Facilities/Capital Projects

For information on the bond projects that were approved by voters in February 2015, please visit our Bond webpage here.

During the 2013-14 school year, a Long Range Facility Planning Committee evaluated the needs and conditions of school district facilities and prepared recommendations to ensure that Washougal school facilities support a safe, positive environment for student learning and success.

The committee’s recommendations included several priorities for the district, including improving school entrance safety as well as planning for anticipated growth. The district has grown by an average of 70 students per year over the past three years.

The committee consisted of 18 members representing Washougal area citizens, district staff, two School Board members and other individuals with professional expertise in facility planning. They reviewed nearly 300 needs identified by the district and toured school buildings over the course of several months. The evaluation separated the needs into two basic categories – facility needs that should be funded through voter-approved bonds and facility needs that should be addressed through the district’s annual budget process. The highest priority identified by the committee was the need to improve the safety and security of every district school.

To download a copy of the Long Range Facility Planning Committee’s report, please click here.

The committee’s recommendations include:
1. Security upgrades for schools/classrooms
2. Build new elementary and middle school at Jemtegaard site
3. Replace Excelsior portables with new facility at WHS
4. Replace roofing at Gause and Hathaway
5. Upgrade HVAC at Gause and Hathaway
6. Remodel bus barn (for maintenance only)
7. Relocate bus storage to District Office site
8. Upgrade site lighting at CCMS and Cape Horn-Skye

Impact fees were instituted as law in 1994 by the Washington State legislature as a means of supplementing traditional funding sources for construction of public school facilities that are specifically needed to accommodate increased enrollment because of new housing developments and availability. Fees are typically collected by the permitting agency at the time the development plat is approved or when a building permit is issued. The proposed Impact Fees are under review by local and county agencies, and will be posted once they have been approved.

A 6-year Capital Facilities Plan (CFP) which includes updated school impact fee calculations is required by Clark County, in alignment with the county and cities Growth Management Act review. This is a “point in time” document, and the data is static and remains unchanged as soon as the Board of Directors adopts the plan.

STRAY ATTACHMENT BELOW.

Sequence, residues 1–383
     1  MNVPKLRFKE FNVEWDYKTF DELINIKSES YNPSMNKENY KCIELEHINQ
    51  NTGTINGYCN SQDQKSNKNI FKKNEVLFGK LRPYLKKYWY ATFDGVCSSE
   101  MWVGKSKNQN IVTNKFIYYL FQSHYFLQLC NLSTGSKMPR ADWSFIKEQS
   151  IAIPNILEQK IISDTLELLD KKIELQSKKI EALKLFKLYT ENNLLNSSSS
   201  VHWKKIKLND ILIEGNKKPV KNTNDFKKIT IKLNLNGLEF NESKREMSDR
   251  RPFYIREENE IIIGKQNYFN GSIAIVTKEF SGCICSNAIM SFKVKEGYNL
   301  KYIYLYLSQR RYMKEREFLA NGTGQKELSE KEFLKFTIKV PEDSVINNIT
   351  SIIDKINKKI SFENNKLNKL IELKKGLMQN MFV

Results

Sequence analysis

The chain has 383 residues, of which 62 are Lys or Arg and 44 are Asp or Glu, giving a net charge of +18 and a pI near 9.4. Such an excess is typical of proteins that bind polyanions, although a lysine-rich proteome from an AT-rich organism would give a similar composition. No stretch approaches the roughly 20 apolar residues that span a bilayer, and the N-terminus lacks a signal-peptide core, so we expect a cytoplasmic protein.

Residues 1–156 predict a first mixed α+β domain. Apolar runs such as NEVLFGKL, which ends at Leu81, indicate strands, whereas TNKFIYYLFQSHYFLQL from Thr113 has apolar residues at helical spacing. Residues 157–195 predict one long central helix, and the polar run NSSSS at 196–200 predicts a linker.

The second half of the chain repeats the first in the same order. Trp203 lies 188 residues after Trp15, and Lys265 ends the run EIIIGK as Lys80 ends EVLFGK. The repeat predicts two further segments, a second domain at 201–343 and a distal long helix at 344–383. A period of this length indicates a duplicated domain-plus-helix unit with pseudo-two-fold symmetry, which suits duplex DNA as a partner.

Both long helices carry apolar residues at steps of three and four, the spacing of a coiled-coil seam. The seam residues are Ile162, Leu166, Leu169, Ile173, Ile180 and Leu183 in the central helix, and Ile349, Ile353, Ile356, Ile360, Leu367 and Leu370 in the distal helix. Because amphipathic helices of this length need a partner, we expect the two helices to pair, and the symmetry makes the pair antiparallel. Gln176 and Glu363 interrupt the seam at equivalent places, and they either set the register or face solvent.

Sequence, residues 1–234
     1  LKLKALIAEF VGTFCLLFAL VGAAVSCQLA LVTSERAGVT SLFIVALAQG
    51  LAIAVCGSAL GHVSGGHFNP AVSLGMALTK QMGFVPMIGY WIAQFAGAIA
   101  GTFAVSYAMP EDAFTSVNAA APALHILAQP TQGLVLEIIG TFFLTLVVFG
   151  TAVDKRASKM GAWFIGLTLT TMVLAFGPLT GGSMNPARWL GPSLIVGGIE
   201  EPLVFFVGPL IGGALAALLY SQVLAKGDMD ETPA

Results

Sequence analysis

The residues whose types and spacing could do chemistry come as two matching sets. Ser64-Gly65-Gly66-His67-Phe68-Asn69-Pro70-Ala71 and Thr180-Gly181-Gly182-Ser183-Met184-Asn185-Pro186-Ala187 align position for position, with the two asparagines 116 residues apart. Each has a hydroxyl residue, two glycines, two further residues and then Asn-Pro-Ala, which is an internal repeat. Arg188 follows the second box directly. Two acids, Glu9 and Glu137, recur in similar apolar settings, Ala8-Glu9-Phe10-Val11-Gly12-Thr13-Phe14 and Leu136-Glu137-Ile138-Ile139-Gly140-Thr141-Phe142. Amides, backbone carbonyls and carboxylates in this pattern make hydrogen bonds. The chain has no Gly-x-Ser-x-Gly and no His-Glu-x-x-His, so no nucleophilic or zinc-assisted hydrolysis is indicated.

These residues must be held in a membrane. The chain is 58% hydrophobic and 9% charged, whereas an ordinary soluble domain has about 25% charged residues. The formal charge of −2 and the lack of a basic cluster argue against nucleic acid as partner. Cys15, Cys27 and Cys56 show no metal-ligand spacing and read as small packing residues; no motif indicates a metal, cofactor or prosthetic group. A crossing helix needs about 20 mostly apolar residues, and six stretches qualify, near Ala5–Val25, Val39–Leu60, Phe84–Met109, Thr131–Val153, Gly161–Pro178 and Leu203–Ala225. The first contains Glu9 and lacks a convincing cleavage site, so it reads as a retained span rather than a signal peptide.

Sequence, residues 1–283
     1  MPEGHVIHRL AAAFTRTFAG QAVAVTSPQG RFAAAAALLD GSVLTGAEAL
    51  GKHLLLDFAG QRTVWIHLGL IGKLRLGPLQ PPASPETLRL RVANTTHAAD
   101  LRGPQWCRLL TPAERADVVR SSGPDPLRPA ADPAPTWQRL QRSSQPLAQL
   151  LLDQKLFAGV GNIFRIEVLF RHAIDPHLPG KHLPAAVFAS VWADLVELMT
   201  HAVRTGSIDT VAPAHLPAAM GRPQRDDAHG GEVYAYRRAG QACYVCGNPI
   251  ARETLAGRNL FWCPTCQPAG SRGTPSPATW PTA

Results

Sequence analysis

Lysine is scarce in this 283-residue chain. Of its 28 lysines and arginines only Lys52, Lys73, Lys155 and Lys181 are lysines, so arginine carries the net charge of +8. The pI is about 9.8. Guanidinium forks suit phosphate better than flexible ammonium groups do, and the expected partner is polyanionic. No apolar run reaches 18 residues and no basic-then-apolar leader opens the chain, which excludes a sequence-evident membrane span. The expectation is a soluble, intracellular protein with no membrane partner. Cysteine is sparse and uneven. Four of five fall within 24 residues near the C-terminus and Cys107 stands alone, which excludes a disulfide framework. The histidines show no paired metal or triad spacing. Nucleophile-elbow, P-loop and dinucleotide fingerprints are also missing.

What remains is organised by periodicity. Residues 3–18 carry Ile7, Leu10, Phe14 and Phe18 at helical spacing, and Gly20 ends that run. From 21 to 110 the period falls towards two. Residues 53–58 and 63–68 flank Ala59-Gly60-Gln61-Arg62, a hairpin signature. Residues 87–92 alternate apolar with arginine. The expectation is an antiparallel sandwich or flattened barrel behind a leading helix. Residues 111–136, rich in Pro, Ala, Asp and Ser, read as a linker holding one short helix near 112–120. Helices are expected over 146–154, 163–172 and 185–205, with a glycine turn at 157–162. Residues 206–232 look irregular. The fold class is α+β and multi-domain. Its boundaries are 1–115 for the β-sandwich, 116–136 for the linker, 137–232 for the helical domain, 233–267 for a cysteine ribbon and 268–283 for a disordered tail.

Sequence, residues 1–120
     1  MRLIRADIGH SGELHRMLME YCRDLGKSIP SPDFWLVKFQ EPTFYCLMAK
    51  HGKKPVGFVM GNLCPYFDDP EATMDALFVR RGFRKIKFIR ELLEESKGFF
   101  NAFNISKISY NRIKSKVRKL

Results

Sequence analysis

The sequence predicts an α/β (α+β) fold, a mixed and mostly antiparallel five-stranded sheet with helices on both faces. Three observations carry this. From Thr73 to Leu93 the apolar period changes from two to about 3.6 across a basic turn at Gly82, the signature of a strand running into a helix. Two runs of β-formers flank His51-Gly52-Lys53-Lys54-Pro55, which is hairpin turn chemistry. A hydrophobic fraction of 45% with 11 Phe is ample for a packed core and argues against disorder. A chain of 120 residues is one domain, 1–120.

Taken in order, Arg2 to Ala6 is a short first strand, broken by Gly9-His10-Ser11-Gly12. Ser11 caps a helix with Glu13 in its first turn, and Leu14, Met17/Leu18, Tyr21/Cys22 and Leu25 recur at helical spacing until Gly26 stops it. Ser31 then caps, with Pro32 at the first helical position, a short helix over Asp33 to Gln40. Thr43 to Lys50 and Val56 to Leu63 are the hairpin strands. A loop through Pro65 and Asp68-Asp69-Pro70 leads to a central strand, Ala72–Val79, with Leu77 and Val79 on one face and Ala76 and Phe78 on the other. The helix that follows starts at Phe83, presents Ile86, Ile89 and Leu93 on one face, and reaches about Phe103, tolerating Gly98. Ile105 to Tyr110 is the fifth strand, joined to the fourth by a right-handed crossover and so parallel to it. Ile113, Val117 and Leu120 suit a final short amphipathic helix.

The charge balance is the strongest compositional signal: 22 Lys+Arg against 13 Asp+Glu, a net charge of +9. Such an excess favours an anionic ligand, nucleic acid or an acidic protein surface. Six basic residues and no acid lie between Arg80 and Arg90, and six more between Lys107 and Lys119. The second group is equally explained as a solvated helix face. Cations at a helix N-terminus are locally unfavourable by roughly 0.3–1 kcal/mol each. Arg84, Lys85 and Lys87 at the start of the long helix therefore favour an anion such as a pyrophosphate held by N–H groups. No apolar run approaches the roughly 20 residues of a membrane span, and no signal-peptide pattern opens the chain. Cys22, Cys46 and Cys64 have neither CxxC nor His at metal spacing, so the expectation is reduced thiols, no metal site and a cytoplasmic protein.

The school impact fee formula was developed in 1994 by professionals that were working on the Growth Management Act, which authorizes counties and cities to adopt an impact fee ordinance. The impact fee ordinance must contain a formula that incorporates the cost of public facilities necessitated by new development, an adjustment for past or future payments reasonably anticipated to be made by new development, the availability of other public funding, the cost of existing facilities and methods by which public facility improvements are financed. Counties and cities in Washington where school impact fees are collected have adopted an ordinance with the formula that was developed in 1994.

School boards adopt an impact fee recommendation in an amount that is equal to or less than the amount calculated by the formula. In Washougal, the Board has approved the amount calculated by the formula since 2000, except in 2007, when a lower amount was recommended for multi-family fees.

The fundamental purpose of school impact fees is to mathematically assess financial costs associated with increased enrollment generated by construction of new housing. Expenditure of impact fees are specifically limited to school facilities that add capacity to serve growth, as reflected in a school district’s capital facilities plan. Impact fees are used for adding classrooms and other facilities to accommodate the increased enrollment resulting from new housing development.

The school impact fee formula was designed to mathematically calculate the portion of the added financial costs to school districts that would be shared and paid by developers and builders.

In Clark County, Capital Facilities Plans and school impact fees must be reviewed and approved by each District’s Board of Directors at least once every two years. After the school board adopts the CFP and an impact fee recommendation, the cities and county must review and take action on local CFPs. The following governmental entities must review and take action on Washougal School District’s CFP and Impact Fees:

a) Clark County Planning Commission
b) Clark County Board of County Commissioners
c) Washougal City Council
d) Camas City Council

  Download the 2009-2015 Capital Facilities Plan

Washougal School District © 2017 All Rights Reserved. NOTICE OF NONDISCRIMINATION | ACCESSIBILITY